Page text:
Text Size

+ -

National Women’s Health Week of Particular Concern to Residents at Carillon Assisted Living

May 14-20 is National Women’s Health Week, a special emphasis that reminds all women living at Carillon Assisted Living to take advantage of the annual wellness visit available to all Medicare recipients.

Sponsored by the U.S. Department of Health and Human Services’ Office of Women’s Health, this year marks the 18th annual observance. It is designed to encourage women to take steps to improve their health and empower them to make that a priority.

Jennifer Moore, Carillon’s Regional Director of Operations, says Women’s Health Week is a valuable reminder to all residents that they need to take an active role in maintaining their health in order to improve their longevity.

“The great thing about this emphasis is how it lines up with our year-round menus that include numerous healthy eating options,” Moore says. “We also encourage all residents to engage in daily physical activity, even if they have certain limitations that prevent them from doing very much.”

The first step the Office of Women’s Health advises that senior women take towards maintaining their physical and mental health is visiting a doctor or nurse annually for a wellness checkup and preventive screenings.

Among the topics to discuss are weight, diet and activity levels; tobacco and alcohol use, depression or mental health concerns, preventing falls, and who will make health care decisions if the patient’s condition prevents her from doing that.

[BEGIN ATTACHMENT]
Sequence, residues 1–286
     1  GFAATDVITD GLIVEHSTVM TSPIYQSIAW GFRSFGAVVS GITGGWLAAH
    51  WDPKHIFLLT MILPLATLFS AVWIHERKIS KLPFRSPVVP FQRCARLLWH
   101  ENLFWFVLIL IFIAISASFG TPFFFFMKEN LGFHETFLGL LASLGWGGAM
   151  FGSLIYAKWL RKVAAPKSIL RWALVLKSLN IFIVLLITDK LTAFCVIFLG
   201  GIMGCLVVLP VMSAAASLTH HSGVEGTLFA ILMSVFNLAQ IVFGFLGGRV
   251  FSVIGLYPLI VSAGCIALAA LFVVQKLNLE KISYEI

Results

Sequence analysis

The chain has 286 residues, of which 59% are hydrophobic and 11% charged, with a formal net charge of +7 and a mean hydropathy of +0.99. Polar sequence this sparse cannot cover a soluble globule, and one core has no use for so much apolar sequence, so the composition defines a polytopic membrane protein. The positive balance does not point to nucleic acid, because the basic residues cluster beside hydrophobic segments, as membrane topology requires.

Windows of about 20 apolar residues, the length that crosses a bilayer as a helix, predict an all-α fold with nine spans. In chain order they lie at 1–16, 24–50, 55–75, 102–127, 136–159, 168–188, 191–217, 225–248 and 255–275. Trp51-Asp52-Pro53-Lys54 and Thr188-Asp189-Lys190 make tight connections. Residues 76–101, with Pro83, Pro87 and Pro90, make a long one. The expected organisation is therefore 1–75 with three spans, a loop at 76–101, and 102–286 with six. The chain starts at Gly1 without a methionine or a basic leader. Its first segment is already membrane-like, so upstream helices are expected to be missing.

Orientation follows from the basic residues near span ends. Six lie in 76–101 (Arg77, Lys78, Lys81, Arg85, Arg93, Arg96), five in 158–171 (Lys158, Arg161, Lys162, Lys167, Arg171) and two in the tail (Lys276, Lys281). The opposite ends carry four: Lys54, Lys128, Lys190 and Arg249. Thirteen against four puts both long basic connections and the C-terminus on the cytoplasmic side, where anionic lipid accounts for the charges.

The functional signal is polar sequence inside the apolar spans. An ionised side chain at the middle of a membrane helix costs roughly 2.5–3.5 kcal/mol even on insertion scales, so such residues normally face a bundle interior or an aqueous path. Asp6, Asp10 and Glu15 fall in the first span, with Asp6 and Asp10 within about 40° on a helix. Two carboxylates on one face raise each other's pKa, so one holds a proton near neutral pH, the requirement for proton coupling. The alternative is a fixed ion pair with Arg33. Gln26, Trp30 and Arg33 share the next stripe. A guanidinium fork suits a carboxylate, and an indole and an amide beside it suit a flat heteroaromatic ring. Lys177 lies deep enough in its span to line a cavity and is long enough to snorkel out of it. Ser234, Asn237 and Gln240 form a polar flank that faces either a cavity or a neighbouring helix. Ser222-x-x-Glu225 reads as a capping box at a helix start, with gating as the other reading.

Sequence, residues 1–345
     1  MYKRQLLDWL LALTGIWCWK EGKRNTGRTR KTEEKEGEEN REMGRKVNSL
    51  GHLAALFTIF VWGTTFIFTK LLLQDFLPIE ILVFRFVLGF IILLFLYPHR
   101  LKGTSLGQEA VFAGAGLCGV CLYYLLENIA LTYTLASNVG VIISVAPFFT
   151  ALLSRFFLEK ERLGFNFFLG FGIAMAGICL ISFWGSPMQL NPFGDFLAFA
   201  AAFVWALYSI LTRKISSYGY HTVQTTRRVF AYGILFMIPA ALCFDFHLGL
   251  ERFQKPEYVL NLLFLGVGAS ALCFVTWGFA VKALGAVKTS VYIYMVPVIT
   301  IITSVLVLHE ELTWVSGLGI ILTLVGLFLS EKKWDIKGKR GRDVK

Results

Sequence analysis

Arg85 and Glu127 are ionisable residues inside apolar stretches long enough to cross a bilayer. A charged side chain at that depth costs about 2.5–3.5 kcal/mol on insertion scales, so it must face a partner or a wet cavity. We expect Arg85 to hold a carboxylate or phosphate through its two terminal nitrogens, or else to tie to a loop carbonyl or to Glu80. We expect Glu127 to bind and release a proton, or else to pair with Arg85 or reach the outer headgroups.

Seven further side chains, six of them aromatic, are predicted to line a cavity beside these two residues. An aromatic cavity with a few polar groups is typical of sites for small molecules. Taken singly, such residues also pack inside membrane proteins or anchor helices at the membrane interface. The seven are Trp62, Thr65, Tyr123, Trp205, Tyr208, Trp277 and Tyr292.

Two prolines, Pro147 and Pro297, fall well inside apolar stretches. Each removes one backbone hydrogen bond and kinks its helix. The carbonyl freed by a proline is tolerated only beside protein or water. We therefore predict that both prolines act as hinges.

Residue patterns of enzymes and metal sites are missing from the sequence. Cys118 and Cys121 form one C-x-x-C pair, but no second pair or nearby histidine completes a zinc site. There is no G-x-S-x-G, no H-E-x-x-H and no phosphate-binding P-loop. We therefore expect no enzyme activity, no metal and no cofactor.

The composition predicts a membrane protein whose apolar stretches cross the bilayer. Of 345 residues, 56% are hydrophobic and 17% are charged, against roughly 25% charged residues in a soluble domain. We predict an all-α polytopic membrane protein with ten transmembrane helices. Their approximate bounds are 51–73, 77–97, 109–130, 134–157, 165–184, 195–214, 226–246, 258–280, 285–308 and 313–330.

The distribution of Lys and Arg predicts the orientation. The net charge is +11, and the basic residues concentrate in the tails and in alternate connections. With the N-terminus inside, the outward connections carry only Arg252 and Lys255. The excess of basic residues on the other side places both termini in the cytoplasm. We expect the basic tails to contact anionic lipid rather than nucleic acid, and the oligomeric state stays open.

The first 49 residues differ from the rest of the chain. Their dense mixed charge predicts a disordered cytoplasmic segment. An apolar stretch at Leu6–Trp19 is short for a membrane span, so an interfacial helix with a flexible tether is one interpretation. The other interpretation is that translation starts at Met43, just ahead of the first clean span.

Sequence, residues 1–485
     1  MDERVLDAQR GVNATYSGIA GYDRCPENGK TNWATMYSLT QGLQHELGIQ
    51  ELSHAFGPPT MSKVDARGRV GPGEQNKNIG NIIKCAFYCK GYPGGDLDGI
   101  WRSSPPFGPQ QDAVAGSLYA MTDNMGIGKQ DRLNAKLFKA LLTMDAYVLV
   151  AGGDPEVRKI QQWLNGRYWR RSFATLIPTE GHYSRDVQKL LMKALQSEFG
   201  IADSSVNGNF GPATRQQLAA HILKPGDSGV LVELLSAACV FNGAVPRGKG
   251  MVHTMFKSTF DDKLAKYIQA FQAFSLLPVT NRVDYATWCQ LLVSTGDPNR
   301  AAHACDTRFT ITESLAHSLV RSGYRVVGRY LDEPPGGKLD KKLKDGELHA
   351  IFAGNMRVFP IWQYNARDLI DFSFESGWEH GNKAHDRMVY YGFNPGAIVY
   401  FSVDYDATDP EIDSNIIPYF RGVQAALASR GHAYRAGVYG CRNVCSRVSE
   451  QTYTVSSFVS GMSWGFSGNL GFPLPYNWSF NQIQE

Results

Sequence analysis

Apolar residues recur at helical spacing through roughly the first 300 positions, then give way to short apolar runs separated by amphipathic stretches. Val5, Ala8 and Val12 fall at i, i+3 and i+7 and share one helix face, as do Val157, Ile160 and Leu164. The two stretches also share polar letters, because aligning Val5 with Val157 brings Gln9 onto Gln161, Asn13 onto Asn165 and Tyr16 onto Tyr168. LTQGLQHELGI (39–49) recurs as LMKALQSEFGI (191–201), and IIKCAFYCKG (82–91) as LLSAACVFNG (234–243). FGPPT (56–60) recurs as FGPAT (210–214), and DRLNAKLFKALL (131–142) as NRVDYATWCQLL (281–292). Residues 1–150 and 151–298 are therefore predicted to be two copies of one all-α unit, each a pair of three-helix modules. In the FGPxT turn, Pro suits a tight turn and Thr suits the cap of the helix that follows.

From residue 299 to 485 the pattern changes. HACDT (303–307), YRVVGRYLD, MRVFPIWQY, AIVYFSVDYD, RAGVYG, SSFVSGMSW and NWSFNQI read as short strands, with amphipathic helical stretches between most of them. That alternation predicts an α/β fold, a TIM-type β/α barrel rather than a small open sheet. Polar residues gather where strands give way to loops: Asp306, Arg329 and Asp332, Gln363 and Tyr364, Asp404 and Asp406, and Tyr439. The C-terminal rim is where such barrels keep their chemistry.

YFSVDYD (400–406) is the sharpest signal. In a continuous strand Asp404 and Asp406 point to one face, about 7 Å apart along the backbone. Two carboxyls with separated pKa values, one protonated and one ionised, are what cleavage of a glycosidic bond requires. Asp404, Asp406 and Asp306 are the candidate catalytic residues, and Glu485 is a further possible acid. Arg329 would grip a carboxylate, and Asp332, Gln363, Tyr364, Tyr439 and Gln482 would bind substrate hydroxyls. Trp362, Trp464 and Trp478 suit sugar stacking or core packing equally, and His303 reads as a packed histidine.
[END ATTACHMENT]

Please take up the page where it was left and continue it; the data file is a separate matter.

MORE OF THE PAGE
Among the other steps:

  • Getting active
  • Paying attention to mental health, including getting adequate sleep and managing stress
  • Avoiding such unhealthy behaviors as smoking, texting while driving, or not wearing a seatbelt

The agency also advises a series of steps that older women can take to maintain their health, depending on age. However, whether a woman is in her 60s, 70s, 80s or 90s, it recommends eating healthy. It suggests using the web site,, to help guide eating decisions.

Other steps that are good for women of any age are at least 30 minutes of daily physical activity, getting seven to eight hours of sleep a night, maintaining a healthy weight, limiting alcohol use to one drink a day or less, wearing a seat belt in cars, avoiding smoking (or getting help to quit), and not using illegal drugs or misusing prescription drugs.

Tests that women in their 60s and 70s should ask their medical professional about:

  • Blood pressure
  • Cholesterol (75 and younger)
  • Colorectal cancer (75 and younger)
  • Diabetes (70 and younger)
  • Flu
  • Hepatitis B and hepatitis C
  • HIV
  • Lung cancer
  • Mammogram (74 and younger)
  • Osteoporosis (65 and older)
  • Pap and HPV (65 and younger)
  • Pneumonia

Women in their 70s should also ask about shingles, sexually-transmitted infections and tuberculosis, while women in their 60s should ask if they need to take a low-dose aspirin.

Women in their 80s and 90s should ask about:

  • Blood pressure
  • Flu
  • Hepatitis B and hepatitis C
  • HIV
  • Osteoporosis
  • Pneumonia
  • Shingles
  • Sexually-transmitted infections
  • Tuberculosis

Women 80 and younger should also ask about a lung cancer test.

Posted in Sage Stories on May 9, 2017

Back to Blog